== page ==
8. Aaron, I’m going to try harder to focus on what you’re saying, because its very smart stuff. I hope you comment here more are the dude.

  9. And here, Bob, you get me worked into what another writer on this site has oft called “a womanish snit,” and then you go and respond with good Christian humility. How’s a semi-liberal, semi-conservative, batting way out of his league in too-big britches with more than a little something to prove supposed to respond to that?

    Sorry I jumped on you. The point could’ve been made in a friendlier fashion, and I might’ve done better to have made it so.

  10. Aaron, you’re alright and don’t you worry about ‘jumping on’ me or anyone else. This is always a fine conversation here and its even more fun when people get ‘fired up.’ Beats the drool cup!

  11. Mr. Shroeder, I’m not sure where you are finding any assertion that fertility rates ought to be higher or lower before your exchange with Mr. Cheeks. I thought this post was about something else.

  12. AML,

    What I’m saying is that, while children may be able to get the kind of emotional or developmental attention they require in large families, the larger problem for advocates of such a position is that large families on a larger-scale would seem to make manifest a host of difficulties that such advocates have not yet begun to offer clear answers to. And that because, I think, the difficulties themselves may not be entirely clear.

    I was trying to begin a discussion about those larger difficulties facing the pro-large family people. Such a discussion struck me as interesting in that the notion of large families seems to get a lot of play on FPR without any direct defense against the more or less obvious Malthusian worries here considered. There are smart people on this site thinking about just such problems, and I’d thought that a few of them might have begun to work on solutions for this one in particular.

    So, you’re right that there’s no assertion about increases in fertility rates earlier in the post, but any defense for large families would seem somewhat uninteresting if it didn’t come with a concomitant recommendation, as well. And taking such a recommendation as an implied premise would seem, as near as I can tell, to open up the position to the concerns I’ve tried to raise.


  13. Dr Wilson,

    I’m sorry for what’s looking like my startling ignorance on this, but how/about what was Malthus wrong? I’m referring only to his discussion of human population growth, and not to his biological or economic positions (about which I know nothing, though one suspects that his theory of population would have involve some discussion of the latter two). As I elementarily understand him, Malthus argued that populations grow geometrically–which they do–and food production increases arithmetically–which it does. Or in other words, the world has a finite carrying capacity and an infinite reproductive capacity. Clearly, these two premises collide in such a way that one of two conclusions seems possible: Either (1) the world’s carrying capacity will temper its reproductive capacity, or (2) the world’s reproductive capacity will bring about an increase in its carrying capacity.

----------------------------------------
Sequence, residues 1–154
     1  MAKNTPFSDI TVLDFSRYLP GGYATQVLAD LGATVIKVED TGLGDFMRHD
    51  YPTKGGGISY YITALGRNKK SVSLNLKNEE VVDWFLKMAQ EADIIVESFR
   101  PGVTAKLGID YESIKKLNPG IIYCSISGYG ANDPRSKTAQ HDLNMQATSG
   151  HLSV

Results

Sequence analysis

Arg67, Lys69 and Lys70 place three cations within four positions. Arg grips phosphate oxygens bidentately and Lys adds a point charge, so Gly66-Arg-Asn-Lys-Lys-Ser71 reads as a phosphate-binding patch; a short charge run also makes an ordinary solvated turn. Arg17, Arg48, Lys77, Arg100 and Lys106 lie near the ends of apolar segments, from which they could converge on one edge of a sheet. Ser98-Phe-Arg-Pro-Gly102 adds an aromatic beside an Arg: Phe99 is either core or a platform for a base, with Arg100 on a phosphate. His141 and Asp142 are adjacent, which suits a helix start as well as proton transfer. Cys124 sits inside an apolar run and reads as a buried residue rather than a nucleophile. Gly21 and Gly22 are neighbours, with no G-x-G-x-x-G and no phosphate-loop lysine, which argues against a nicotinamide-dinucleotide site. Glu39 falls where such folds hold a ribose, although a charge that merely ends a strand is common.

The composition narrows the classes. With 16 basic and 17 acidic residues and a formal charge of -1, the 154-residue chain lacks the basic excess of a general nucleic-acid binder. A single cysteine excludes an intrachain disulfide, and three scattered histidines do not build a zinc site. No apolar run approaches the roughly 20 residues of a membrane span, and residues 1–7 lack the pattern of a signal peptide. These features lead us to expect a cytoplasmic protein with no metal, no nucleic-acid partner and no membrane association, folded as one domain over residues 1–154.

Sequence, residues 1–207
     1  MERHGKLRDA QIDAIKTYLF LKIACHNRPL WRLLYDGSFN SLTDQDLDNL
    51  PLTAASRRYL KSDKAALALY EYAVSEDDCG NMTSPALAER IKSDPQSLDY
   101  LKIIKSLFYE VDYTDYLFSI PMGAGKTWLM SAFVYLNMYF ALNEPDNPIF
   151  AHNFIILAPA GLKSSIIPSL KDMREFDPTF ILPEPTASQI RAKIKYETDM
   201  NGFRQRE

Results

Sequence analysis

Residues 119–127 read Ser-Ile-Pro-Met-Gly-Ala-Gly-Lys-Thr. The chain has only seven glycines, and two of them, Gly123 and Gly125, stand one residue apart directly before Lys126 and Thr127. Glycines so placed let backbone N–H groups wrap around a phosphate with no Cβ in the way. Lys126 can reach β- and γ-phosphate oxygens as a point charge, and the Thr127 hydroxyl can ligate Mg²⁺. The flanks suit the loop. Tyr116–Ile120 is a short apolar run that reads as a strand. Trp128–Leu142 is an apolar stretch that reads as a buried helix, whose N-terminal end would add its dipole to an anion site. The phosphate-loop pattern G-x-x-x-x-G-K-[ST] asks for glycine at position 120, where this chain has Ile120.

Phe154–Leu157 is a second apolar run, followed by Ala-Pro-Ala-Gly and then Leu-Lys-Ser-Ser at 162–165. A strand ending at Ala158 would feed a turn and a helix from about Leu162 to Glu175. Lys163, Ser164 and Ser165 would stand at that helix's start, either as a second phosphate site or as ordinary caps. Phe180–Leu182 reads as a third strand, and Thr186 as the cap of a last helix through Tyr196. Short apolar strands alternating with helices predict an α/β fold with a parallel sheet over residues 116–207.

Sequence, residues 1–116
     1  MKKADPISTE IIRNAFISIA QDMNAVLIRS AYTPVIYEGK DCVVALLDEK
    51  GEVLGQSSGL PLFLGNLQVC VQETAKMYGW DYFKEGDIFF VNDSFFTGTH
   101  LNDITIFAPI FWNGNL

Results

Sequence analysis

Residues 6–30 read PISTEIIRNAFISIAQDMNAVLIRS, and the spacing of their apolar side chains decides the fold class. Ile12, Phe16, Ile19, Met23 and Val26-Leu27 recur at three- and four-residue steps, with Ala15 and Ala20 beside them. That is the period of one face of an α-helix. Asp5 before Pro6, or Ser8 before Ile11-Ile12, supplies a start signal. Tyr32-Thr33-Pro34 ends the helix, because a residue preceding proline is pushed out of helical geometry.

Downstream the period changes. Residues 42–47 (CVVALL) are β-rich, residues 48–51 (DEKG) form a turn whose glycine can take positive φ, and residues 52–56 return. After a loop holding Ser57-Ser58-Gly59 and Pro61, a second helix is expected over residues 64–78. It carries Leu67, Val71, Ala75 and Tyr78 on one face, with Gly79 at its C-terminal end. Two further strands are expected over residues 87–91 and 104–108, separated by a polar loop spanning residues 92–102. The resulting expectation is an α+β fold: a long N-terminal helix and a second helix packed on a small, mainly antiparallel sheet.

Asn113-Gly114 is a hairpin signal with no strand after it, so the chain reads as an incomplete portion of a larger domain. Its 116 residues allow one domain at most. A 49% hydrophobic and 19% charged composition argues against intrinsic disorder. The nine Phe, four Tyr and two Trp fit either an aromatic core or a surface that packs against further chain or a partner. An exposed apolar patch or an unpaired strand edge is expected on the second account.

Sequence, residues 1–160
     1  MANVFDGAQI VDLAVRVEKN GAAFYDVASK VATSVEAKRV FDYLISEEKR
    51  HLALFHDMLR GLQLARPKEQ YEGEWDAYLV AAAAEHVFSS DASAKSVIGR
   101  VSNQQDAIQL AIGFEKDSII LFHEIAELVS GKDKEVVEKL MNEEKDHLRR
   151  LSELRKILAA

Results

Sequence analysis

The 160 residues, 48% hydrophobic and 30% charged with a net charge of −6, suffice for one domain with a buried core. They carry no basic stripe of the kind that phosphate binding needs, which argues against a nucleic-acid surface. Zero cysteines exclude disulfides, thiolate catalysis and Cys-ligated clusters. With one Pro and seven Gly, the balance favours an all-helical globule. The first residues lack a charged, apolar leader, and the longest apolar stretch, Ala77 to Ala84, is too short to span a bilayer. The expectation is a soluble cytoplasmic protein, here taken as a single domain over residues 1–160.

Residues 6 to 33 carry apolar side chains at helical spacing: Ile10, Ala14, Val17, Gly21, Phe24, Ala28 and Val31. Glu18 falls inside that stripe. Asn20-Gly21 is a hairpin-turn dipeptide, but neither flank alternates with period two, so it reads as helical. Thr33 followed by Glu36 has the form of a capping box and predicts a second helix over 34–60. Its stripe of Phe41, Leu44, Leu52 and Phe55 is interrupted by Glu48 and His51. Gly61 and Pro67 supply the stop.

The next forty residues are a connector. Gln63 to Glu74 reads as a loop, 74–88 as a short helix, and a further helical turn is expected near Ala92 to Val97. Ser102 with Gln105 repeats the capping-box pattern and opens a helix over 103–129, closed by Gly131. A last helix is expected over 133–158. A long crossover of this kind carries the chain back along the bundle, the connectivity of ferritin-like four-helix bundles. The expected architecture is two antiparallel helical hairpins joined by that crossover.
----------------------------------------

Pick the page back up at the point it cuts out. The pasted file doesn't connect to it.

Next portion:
We experience (1) every day, when we see any species overpopulate some area that it is unable to migrate from. Members of the species die off (whether by predation, starvation, or, as in China, a conscious attempt to reduce population) until its numbers return to the carrying capacity for the given area. We also experience (2) every day, but it seems more or less obvious that the degree to which ancient sunlight, industrialized agriculture, and monoculture hybridization are able to increase our food producing capacity is shrinking with some rapidity.

    So, you might say that that argument is or isn’t Malthusian. If it is, and it was disproved somewhere as you suggest, I’d wonder whether you could provide a citation. In a brief survey of some of the earlier criticism, I found that many of the essayists’ conclusions are pretty obviously objectionable. Shelley’s amounts to little more than name-calling. And Godwin demands statistics proving the likelihood of the Malthusian Catastrophe, which was never the thrust of Malthus position in the first place. And more contemporary criticism may prove Malthus’ wrong, but they do so by simultaneously arguing against those in favor of large families. That is, they prove that developed populations control growth naturally , which ought not to satisfy to anyone who thinks that it’s better that families have seven or eight children.

    [And the argument that the ‘Malthusian Catastrophe’ didn’t happen is surely contestable as grounds suggesting that such a catastrophe will not happen in the future. Further, it’s not clear that the catastrophe hasn’t happened already–though perhaps some would consider the world’s 923 million malnourished something other than a catastrophe.]

    If, on the other hand, this argument isn’t Malthusian (or if it’s Malthusian-in-tone-only), and has thus not been subject to the criticism you mentioned, it would stand to reason that overpopulation as a result of over-reproduction still poses something of a worrisome problem.

    On a (somewhat) lighter note, this conversation reminds of something I heard James Howard Kunstler say a speech some two autumns ago. To underline the foolishness of the Cheney (or Bush I) line that “The American way of life is non-negotiable” Kunstler offered something close to the following illustration. “No way of life is non-negotiable. And if you haven’t figured that out yet, that is, if you’re unable to negotiate like an adult the terms of your existence that Nature hands you, then Nature automatically assigns you a new negotiating partner. Named Reality . And Reality will negotiate the terms of your existence for you. You don’t have to be in the room.”

  14. From Richert’s piece: “In the desire to provide children with everything that they ‘need,’ too many parents today schedule every last moment of their children’s lives, unintentionally smothering the sparks of spontaneity and creativity and individuality. No parents of eight could have enough control over their children’s lives to do the same.” This made me laugh out loud. I’ve only five children, but it’s still too many to micromanage, no matter how hard I try.